Wednesday, December 7, 2016

The chart of the day... from a post, "Economic growth in the United States: A tale of two countries." I think it goes a long way to explaining how we ended up with a President Trump (my emphasis):

First, our data show that the bottom half of the income distribution in the United States has been completely shut off from economic growth since the 1970s. From 1980 to 2014, average national income per adult grew by 61 percent in the United States, yet the average pre-tax income of the bottom 50 percent of individual income earners stagnated at about $16,000 per adult after adjusting for inflation. In contrast, income skyrocketed at the top of the income distribution, rising 121 percent for the top 10 percent, 205 percent for the top 1 percent, and 636 percent for the top 0.001 percent. 

It’s a tale of two countries. For the 117 million U.S. adults in the bottom half of the income distribution, growth has been non-existent for a generation while at the top of the ladder it has been extraordinarily strong. And this stagnation of national income accruing at the bottom is not due to population aging. Quite the contrary: For the bottom half of the working-age population (adults below 65), income has actually fallen. In the bottom half of the distribution, only the income of the elderly is rising. From 1980 to 2014, for example, none of the growth in per-adult national income went to the bottom 50 percent, while 32 percent went to the middle class (defined as adults between the median and the 90th percentile), 68 percent to the top 10 percent, and 36 percent to the top 1 percent. An economy that fails to deliver growth for half of its people for an entire generation is bound to generate discontent with the status quo and a rejection of establishment politics.

Because the pre-tax incomes of the bottom 50 percent stagnated while average national income per adult grew, the share of national income earned by the bottom 50 percent collapsed from 20 percent in 1980 to 12.5 percent in 2014. Over the same period, the share of incomes going to the top 1 percent surged from 10.7 percent in 1980 to 20.2 percent in 2014. As shown in Figure 2, these two income groups basically switched their income shares, with about 8 points of national income transferred from the bottom 50 percent to the top 1 percent. The gains made by the 1 percent would be large enough to fully compensate for the loss of the bottom 50 percent, a group 50 times larger.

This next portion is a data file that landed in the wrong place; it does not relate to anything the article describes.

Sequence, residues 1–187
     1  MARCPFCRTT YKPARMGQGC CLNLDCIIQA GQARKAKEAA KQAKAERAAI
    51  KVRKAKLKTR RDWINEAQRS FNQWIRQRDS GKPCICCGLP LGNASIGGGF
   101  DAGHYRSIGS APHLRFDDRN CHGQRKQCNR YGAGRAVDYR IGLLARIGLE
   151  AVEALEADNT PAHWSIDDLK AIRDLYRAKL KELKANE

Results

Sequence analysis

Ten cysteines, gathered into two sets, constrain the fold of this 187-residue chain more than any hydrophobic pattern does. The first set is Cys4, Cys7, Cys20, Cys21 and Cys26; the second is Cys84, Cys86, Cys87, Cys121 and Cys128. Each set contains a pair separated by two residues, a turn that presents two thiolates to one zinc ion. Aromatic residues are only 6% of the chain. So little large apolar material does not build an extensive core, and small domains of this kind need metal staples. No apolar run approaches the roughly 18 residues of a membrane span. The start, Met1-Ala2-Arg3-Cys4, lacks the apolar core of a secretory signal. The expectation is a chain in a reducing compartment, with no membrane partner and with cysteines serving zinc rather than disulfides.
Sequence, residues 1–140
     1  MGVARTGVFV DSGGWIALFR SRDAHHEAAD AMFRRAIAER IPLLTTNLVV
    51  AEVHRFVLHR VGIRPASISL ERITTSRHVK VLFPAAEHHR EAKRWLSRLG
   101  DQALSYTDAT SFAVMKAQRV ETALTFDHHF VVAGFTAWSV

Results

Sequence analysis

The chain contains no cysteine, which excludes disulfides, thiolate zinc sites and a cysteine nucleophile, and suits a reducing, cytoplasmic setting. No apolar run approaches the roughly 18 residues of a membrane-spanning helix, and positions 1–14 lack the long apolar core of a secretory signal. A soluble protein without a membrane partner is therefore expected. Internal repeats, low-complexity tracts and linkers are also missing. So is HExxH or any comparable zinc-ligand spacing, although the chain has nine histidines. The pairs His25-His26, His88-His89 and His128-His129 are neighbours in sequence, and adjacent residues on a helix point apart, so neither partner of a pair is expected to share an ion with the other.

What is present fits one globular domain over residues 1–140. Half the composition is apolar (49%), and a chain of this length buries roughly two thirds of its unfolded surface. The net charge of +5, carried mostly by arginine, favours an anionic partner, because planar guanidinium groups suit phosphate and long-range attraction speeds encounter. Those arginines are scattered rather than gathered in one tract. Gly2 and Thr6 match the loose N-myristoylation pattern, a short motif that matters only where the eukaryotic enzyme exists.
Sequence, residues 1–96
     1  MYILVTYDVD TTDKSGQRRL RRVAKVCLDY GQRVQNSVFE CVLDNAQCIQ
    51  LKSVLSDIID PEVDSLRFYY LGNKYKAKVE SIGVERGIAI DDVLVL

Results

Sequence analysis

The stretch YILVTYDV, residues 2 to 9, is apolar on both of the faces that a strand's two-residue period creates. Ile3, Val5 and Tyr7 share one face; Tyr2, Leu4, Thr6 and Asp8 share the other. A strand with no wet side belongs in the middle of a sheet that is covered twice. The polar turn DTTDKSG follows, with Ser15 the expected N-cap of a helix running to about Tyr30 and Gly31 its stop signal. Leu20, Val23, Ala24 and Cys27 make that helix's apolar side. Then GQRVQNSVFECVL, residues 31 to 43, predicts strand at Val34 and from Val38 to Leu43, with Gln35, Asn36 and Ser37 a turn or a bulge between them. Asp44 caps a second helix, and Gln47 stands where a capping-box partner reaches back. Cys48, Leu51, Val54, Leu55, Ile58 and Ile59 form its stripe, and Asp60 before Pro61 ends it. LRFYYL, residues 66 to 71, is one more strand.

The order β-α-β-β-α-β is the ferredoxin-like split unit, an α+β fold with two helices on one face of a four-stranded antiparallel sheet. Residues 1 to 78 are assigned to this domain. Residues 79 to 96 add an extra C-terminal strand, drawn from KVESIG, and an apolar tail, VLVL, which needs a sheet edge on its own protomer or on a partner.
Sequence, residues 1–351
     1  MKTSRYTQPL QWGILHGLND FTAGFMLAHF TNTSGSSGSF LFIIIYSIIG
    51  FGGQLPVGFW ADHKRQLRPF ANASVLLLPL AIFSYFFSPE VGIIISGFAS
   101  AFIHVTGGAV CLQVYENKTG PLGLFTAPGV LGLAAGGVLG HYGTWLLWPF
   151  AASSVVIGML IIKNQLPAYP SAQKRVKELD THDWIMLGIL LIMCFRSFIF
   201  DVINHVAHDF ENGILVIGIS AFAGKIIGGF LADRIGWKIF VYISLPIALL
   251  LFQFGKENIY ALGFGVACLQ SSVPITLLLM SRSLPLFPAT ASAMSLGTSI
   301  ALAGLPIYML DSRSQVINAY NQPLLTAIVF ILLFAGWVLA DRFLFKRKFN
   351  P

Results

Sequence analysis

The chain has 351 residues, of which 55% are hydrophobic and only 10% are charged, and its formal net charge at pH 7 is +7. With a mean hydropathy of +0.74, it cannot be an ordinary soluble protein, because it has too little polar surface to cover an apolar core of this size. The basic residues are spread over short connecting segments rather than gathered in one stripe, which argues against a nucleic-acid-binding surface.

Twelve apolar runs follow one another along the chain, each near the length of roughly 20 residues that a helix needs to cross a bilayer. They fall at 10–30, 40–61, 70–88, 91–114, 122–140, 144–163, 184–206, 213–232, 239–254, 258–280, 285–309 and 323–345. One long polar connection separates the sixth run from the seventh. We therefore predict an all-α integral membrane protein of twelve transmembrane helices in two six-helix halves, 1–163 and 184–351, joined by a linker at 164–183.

To understand how unequal the United States is today, consider the following fact. In 1980, adults in the top 1 percent earned on average 27 times more than bottom 50 percent of adults. Today they earn 81 times more. This ratio of 1 to 81 is similar to the gap between the average income in the United States and the average income in the world’s poorest countries, among them the war-torn Democratic Republic of Congo, Central African Republic, and Burundi. Another alarming trend evident in this data is that the increase in income concentration at the top in the United States over the past 15 years is due to a boom in capital income. It looks like the working rich who drove the upsurge in income concentration in the 1980s and 1990s are either retiring to live off their capital income or passing their fortunes onto heirs.

(I guess I could have added emphasis to the whole thing.)

But this is what I tried to tell my brother once: just as Jean Valjean stole that bread he couldn't afford, so did those who lost out in the economy eventually rebel and elect a demagogue like Donald Trump.

Now my next question is, what happens when Trump fails to deliver on his promise to make America great again for the white working class (as he surely will)? Although he's a master manipulator of people that may only get him so far. Then what?

Remember: The Revolution devours its children.

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